Why is it this way? Well, first of all, I think that there will never be an equal 50% split between men and women in science, technology, engineering and math fields. I feel that way because I know enough women and their husbands, and a lot of women make the decision to stay home and raise the kids. Yes I know two stay at home dads too, but they are in the minority. Still, why is it not 45%/55% women to men or at least 40%/60%? There were always more girls than boys in my high school advanced classes like calculus and college biology and physics. In fact, in my high school physics class of about 18 people, only two of us were male. Why did the two of us go into engineering while I think all the ladies in that class went into less technical careers? I feel that it has to do predominately with cultural expectations, and to a lesser extent the college support structure. Men are engineers that go to the office and do math, by themselves, and sit at a desk. Women work with people and collaborate in team environments, like a nurse on staff. Honestly, I think that cultural expectations are the major reason for the disconnect. There is also an attitude of competition in science and engineering, not necessarily direct, but the curriculum is tough and teaches you how to solve problems. A lot of people, men and myself included, often dove into the work alone for hours at a time, and while obviously working in teams and getting help from others is necessary, I am afraid that women see the system and don't want to do the solitary number crunching that college presents as "engineering". Now, actually in industry as a design engineer I spend probably 15 hours a week in meetings, another 10 hours a week talking to people informally about my projects, and then maybe 15-20 hours a week actually doing work at my desk. It is so different than college, there is very little on your own technical work, at least in my view. Design engineering is more like art meets sales. We create some art and then try to sell it to the rest of the team, making changes as they recommend until it is very functional art.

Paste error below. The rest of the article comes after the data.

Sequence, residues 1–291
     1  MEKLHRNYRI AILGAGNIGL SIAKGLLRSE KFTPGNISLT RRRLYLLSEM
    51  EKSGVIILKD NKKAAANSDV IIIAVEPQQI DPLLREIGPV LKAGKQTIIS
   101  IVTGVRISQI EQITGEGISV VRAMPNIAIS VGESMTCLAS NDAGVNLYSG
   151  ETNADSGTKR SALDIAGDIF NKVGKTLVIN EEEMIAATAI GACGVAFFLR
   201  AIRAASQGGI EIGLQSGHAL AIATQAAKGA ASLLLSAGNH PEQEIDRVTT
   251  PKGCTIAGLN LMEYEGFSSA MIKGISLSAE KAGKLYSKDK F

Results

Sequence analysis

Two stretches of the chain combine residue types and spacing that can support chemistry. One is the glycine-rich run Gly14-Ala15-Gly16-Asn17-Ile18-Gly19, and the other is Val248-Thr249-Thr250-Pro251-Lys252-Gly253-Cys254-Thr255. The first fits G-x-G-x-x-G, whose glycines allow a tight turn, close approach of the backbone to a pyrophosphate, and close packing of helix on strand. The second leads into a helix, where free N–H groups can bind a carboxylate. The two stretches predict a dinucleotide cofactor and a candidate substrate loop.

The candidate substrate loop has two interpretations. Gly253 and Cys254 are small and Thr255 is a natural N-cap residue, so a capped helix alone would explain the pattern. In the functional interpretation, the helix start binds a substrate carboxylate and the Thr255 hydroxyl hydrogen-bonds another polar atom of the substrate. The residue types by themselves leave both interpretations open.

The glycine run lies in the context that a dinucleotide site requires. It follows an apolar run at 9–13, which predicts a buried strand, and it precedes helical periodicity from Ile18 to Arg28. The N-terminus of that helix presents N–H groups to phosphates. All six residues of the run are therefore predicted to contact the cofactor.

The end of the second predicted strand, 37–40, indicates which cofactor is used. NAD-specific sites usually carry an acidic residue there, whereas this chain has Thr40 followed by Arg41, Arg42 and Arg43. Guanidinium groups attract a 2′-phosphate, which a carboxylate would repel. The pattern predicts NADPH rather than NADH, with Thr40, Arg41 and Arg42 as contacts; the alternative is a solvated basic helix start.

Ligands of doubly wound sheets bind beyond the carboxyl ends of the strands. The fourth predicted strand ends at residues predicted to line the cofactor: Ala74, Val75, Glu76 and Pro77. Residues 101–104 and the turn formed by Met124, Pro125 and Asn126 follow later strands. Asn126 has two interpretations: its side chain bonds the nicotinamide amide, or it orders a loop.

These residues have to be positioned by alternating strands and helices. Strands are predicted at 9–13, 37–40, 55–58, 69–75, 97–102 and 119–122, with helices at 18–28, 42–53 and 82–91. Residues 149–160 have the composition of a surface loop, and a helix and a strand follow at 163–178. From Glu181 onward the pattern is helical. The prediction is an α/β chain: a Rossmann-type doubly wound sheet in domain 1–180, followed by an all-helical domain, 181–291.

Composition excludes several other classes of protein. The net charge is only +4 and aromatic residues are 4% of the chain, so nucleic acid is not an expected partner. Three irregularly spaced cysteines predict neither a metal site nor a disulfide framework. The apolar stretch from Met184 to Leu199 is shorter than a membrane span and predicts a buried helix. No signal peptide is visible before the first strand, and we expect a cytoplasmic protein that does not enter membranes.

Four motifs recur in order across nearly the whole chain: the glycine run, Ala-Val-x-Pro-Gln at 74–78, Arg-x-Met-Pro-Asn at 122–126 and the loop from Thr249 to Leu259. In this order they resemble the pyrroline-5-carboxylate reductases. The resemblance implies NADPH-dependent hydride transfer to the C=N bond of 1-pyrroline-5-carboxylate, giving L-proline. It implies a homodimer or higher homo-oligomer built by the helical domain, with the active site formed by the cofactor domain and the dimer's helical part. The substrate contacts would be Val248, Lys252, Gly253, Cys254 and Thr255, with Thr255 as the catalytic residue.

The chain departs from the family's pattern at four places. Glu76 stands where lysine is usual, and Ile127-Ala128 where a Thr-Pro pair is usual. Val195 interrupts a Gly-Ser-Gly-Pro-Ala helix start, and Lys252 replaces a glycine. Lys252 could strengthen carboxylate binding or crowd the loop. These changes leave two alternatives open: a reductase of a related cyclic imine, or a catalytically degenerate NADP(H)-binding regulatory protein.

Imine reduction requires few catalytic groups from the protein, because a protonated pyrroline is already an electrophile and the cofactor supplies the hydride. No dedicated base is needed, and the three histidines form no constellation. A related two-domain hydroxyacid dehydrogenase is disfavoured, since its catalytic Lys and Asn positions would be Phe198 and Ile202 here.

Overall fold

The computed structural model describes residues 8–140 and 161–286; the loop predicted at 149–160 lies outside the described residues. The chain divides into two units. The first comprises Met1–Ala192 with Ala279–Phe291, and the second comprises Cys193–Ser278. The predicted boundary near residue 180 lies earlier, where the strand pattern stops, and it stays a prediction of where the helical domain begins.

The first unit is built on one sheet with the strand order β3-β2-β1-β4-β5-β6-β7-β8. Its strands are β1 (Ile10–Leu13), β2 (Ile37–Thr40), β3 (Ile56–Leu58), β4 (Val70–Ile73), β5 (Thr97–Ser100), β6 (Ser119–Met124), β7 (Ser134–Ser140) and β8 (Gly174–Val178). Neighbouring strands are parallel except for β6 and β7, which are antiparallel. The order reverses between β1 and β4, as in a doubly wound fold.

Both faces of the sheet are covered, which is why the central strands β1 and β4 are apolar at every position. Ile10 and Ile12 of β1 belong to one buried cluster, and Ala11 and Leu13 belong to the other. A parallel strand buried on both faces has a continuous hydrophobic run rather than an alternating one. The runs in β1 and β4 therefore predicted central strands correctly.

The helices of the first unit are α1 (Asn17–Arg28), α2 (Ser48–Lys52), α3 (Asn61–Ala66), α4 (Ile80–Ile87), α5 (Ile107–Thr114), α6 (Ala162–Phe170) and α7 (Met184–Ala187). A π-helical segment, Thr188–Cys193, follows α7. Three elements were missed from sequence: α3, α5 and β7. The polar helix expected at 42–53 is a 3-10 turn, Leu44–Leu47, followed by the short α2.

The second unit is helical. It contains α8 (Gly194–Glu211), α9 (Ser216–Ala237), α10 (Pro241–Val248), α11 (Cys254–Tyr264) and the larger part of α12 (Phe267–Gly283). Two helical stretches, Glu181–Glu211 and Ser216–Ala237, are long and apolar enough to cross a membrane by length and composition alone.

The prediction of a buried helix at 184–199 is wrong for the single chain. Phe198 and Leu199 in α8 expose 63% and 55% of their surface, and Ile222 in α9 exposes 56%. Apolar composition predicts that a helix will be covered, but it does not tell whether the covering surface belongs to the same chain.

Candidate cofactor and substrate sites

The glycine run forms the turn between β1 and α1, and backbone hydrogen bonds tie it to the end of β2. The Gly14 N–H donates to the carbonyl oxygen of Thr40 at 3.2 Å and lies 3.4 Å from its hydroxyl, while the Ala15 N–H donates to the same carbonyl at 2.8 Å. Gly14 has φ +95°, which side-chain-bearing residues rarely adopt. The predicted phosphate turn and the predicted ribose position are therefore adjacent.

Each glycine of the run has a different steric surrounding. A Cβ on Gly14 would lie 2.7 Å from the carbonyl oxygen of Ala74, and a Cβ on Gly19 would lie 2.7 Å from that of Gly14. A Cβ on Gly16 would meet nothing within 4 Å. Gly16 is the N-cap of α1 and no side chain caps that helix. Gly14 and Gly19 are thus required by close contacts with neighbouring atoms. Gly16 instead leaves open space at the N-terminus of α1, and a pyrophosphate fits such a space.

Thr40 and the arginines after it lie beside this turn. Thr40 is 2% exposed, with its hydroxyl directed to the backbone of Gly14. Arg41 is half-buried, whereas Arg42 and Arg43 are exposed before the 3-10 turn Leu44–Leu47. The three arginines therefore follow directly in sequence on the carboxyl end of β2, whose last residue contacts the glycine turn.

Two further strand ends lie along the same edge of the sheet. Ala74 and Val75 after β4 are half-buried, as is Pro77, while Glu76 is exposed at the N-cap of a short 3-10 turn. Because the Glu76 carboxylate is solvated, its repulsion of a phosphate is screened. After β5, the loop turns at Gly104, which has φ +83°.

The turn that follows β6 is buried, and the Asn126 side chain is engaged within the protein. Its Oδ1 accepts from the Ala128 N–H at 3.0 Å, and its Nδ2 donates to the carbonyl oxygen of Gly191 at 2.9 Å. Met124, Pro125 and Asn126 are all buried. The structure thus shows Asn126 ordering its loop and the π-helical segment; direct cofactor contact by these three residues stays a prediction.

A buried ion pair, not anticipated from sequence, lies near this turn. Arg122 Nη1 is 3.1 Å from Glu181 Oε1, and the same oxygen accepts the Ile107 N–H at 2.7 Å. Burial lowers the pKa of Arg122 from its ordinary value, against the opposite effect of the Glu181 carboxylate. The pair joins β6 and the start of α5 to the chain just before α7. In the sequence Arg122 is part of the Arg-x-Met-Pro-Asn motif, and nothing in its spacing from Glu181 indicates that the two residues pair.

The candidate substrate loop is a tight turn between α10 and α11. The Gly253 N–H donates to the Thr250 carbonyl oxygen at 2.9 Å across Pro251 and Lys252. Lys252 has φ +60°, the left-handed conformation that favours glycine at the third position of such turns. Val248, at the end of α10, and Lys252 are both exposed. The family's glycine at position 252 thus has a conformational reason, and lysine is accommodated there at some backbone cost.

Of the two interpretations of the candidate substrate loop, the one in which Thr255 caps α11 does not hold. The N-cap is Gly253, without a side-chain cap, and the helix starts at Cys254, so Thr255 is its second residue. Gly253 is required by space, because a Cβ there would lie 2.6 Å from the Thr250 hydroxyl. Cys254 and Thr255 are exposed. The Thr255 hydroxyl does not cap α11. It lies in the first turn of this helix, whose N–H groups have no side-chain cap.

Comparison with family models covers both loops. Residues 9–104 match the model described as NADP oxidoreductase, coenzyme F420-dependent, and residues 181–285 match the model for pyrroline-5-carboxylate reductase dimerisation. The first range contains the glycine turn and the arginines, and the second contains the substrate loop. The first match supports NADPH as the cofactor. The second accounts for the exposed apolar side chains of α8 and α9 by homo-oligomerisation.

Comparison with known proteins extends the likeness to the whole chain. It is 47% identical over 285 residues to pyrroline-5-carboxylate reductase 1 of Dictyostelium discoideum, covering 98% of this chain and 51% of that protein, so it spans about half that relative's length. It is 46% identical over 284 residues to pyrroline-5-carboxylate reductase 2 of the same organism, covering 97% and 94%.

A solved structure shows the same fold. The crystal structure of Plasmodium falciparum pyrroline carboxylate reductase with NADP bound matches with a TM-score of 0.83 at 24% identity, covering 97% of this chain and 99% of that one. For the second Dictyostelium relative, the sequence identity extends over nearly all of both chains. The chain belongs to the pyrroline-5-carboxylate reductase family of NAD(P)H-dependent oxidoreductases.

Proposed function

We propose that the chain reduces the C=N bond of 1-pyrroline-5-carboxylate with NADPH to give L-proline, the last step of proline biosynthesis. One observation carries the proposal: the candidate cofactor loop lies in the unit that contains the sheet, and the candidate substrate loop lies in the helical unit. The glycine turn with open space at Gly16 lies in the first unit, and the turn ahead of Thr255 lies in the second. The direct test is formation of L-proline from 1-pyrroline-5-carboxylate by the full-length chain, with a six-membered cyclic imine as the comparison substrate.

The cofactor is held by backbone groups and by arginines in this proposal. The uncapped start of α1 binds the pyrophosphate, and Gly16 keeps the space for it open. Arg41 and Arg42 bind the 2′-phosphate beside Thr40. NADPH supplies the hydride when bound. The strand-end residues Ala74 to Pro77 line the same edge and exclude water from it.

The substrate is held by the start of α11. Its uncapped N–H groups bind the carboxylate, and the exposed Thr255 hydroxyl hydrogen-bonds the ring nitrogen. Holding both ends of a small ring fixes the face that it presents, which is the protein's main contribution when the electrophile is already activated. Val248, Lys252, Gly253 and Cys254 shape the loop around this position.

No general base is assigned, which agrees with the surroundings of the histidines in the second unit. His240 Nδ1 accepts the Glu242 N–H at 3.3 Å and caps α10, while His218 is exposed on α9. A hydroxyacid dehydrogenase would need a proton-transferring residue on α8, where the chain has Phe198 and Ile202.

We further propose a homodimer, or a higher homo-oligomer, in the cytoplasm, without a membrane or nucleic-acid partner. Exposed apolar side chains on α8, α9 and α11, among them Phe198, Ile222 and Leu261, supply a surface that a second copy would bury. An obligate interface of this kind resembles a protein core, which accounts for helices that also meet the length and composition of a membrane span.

On the college support side, classes are not like the real world. There are similarities, but the differences are dramatic. I am afraid that throughout the formal college education process many possible engineers are not supported well enough. In other words, people skills don't get you strait A's in an engineering college, but they might get you CEO in a company.